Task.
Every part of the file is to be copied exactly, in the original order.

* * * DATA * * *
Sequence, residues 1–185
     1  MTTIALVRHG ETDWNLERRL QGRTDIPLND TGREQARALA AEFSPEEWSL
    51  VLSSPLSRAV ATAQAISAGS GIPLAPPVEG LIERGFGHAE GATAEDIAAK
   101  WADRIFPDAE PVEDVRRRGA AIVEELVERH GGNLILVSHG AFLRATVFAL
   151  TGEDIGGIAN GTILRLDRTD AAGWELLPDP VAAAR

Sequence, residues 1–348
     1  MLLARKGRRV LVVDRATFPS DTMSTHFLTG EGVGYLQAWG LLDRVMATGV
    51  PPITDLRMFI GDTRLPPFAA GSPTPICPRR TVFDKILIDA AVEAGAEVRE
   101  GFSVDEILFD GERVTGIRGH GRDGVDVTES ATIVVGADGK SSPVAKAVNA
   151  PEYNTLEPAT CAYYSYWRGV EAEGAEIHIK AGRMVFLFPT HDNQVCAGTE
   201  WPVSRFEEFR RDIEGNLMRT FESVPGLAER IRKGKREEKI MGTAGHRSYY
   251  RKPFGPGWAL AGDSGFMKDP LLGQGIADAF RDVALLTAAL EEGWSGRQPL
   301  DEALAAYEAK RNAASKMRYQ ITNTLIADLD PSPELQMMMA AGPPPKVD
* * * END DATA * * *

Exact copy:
Sequence, residues 1–185
     1  MTTIALVRHG ETDWNLERRL QGRTDIPLND TGREQARALA AEFSPEEWSL
    51  VLSSPLSRAV ATAQAISAGS GIPLAPPVEG LIERGFGHAE GATAEDIAAK
   101  WADRIFPDAE PVEDVRRRGA AIVEELVERH GGNLILVSHG AFLRATVFAL
   151  TGEDIGGIAN GTILRLDRTD AAGWELLPDP VAAAR

Sequence, residues 1–348
     1  MLLARKGRRV LVVDRATFPS DTMSTHFLTG EGVGYLQAWG LLDRVMATGV
    51  PPITDLRMFI GDTRLPPFAA GSPTPICPRR TVFDKILIDA AVEAGAEVRE
   101  GFSVDEILFD GERVTGIRGH GRDGVDVTES ATIVVGADGK SSPVAKAVNA
   151  PEYNTLEPAT CAYYSYWRGV EAEGAEIHIK AGRMVFLFPT HDNQVCAGTE
   201  WPVSRFEEFR RDIEGNLMRT FESVPGLAER IRKGKREEKI MGTAGHRSYY
   251  RKPFGPGWAL AGDSGFMKDP LLGQGIADAF RDVALLTAAL EEGWSGRQPL
   301  DEALAAYEAK RNAASKMRYQ ITNTLIADLD PSPELQMMMA AGPPPKVD